### Inductance in DC circuit and two CT sensors

I was testing my equipment in a breadboard first before I soldered everything and noticed that when I included the CT sensor to the circuit the voltage decrease from 2.5V to .9V.  Reviewing circuits, it said that in a dc circuit, when in steady-state, to treat inductance as a resistor.  So it seems that when including the CT sensor to DC bias changes to .9V instead of 2.5V.  Is this right thinking?

Also, I'm in US so I need two CT sensors.  To test the output on the sensors, I connected them to the same wire to test each sensors output.  Each sensor had a different output despite being on same wire.  I am assuming that each sensor is in a different phase.  But it seems to me that the sensors different phase will greatly affect the current output the current is added together when the sensors are on the house mains.  Has anyone else encountered this?

Thanks,

Dawn.

### Re: Inductance in DC circuit and two CT sensors

What you're saying regarding inductance at d.c. is correct, but the voltage dropping to 0.9 V implies that you are connecting it in the wrong place. If you are following the circuit in Building Blocks, one side of the c.t. connects to the "mid-point" bias source - that's the 2.5 V you're seeing, and the other side connects direct to the ADC input pin, with of course the burden resistor in parallel with the c.t. secondary. With or without the c.t. connected, the input bias should be half the supply voltage. With the CT and/or the burden resistor, the input pin should also sit at half the supply voltage.

When you put two CTs on the same wire, you should get the same current out of each, within their manufacturing tolerances of course. If you are only using one input to your Arduino, and assuming you have a US-type split supply (120-0-120 V), then your two CTs need to go on the two Lines, and face in opposite directions. Then you can either have a separate burden resistor for each and connect the two assemblies (CT + burden) in series, so that you are adding the burden voltages; or you can connect the two CTs in parallel so that you are adding the two currents, then you have only one burden resistor. [ You'll need to remember that a CT generates a current, not a voltage, and you'll probably need to sketch it out to understand all that.]  Alternatively, you can keep the two CTs separate and feed them into two separate inputs, then add the powers in the software.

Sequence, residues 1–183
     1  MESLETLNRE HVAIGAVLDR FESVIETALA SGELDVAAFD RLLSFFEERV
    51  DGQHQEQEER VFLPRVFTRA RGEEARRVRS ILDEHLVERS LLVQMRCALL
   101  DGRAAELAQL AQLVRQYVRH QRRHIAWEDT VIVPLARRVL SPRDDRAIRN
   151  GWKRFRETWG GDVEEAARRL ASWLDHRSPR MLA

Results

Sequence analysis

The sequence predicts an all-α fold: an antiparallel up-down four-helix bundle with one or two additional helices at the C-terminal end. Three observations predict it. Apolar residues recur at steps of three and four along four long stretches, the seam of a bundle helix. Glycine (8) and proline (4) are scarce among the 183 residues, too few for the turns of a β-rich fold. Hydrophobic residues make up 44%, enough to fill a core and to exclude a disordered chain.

### Re: Inductance in DC circuit and two CT sensors

My first thought was that I wasn't connecting is correctly.  Therefore, I striped to CT sensor wire.  The power wire of the ct sensor is connected to the arduino analog pin 1 the other to ground.  Without fail, with no CT sensor the bias voltage is 2.5V and then, when I connect the CT sensor with no ac power, the bias voltage drops down to about 1.6V to .9V.  The decrease in voltage changes is the resistance value.

You said that "With or without the c.t. connected, the input bias should be half the supply voltage."  But sense the CT sensor works by inductance then, the decrease in voltage when I add the CT sensor would make sense because it seems like when I connect the CT sensor it would be like, in a DC perspective that I would be adding in more resistance?

### Re: Inductance in DC circuit and two CT sensors

"the ct sensor is connected to the arduino analog pin 1 the other to ground"

You haven't got it connected correctly. You don't connect your CT to ground at all. Take a few minutes to read that Building Blocks page I pointed you to. It's all explained there.

### Re: Inductance in DC circuit and two CT sensors

Yep, now I see my mistake.  I was looking at wrong schematic.

Thanks.